Home > Uncategorized > Flying ‘tooth ferries’ to serve rural folk’s dental needs

Flying ‘tooth ferries’ to serve rural folk’s dental needs

The Star

Tuesday, 21/06/2011

Flying 'tooth ferries' to serve rural folk's dental needs

KOTA KINABALU: Rural folk in Sabah having dental problems can expect to be attended to by their own "tooth ferries" four helicopters used to bring dental care to the villagers.

The state Health Department launched the country's first flying dental team yesterday, to complement its existing flying doctors service.

Its director Dr Mohd Yusof Ibrahim said the flying dental service would initially serve 14 remote settlements along the state's west coast. "The teams, comprising a dentist and two nurses, will fly to the villages along with the medical teams.

"They will be able to provide basic dental services such as tooth extractions, fillings and simple screenings for oral cancer, which is quite prevalent among rural communities due to betel nut chewing," he said.

The flying dental team, added Dr Mohd Yusof, would visit a village once a month, providing esssential services for the folk who were otherwise unable to go to the nearest towns to seek treatment.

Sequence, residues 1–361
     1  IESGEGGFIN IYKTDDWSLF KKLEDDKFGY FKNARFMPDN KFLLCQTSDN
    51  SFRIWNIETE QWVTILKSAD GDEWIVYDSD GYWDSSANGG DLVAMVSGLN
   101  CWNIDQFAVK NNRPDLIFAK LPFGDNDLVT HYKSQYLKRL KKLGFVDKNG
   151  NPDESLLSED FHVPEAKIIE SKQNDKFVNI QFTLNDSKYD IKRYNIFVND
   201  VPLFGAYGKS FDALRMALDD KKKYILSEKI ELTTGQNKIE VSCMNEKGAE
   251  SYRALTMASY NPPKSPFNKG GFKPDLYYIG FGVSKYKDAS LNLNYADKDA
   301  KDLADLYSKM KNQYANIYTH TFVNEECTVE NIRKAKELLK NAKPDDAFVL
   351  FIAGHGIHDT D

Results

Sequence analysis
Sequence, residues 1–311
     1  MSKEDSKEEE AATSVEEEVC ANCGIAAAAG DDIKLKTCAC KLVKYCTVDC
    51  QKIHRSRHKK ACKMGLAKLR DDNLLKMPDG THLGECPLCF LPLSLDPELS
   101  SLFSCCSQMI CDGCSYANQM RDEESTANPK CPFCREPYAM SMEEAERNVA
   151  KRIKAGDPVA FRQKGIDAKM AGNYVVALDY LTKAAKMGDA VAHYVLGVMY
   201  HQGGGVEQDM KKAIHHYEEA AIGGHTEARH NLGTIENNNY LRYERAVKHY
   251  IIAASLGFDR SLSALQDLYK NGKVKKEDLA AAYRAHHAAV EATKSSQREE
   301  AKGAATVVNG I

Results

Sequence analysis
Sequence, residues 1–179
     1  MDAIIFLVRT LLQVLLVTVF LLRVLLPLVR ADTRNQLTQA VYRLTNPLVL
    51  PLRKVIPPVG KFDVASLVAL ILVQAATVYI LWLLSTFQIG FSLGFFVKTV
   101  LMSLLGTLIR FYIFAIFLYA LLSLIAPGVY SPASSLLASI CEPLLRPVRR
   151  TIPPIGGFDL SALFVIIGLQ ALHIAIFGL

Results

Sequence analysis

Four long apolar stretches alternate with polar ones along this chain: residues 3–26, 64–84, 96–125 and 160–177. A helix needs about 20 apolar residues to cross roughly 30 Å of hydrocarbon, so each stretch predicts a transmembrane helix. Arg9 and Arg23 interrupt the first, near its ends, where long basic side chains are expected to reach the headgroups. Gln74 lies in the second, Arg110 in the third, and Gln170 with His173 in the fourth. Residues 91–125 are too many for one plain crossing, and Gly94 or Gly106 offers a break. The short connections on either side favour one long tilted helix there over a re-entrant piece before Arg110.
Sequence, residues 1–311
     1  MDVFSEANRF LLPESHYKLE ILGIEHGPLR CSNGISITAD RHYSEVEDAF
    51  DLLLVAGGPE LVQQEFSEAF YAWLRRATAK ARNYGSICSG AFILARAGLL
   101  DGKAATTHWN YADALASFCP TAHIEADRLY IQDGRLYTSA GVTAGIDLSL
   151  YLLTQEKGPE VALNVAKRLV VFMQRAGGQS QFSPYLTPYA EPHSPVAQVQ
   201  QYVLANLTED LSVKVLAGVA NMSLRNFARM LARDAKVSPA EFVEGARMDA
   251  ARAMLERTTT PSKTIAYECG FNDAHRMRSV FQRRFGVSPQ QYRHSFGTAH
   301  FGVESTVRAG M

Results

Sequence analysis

He said that in the long-term, mini clinics would also be set up at 800 rural schools in the state to serve the communities in those areas.

Schools were suitable locations for the mini-clinics as these already had infrastructure such as water and electricity supply, said Dr Mohd Yusof.

"We will have a medical assistant and several nurses at these clinics," he said, adding that the facilities would be built over the next 10 years under the 10th and 11th Malaysia Plans.

He said as part of its flying doctor operation, the department would also be introducing a medical emergency evacuation service (Medevac) by next year.

Dr Yusof said tenders would be called for the service, which would require the use of four helicopters to be based in Kota Kinabalu and Sandakan.

He said the Medevac service was necessary to reduce the transfer time for patients in rural hospitals to the city, which could take up to three hours by road.

Dr Yusof said the department was also hoping to launch a boat mobile clinic by August to serve those living along Malaysia's second longest river, Sungai Kinabatangan.

  {module berita:news}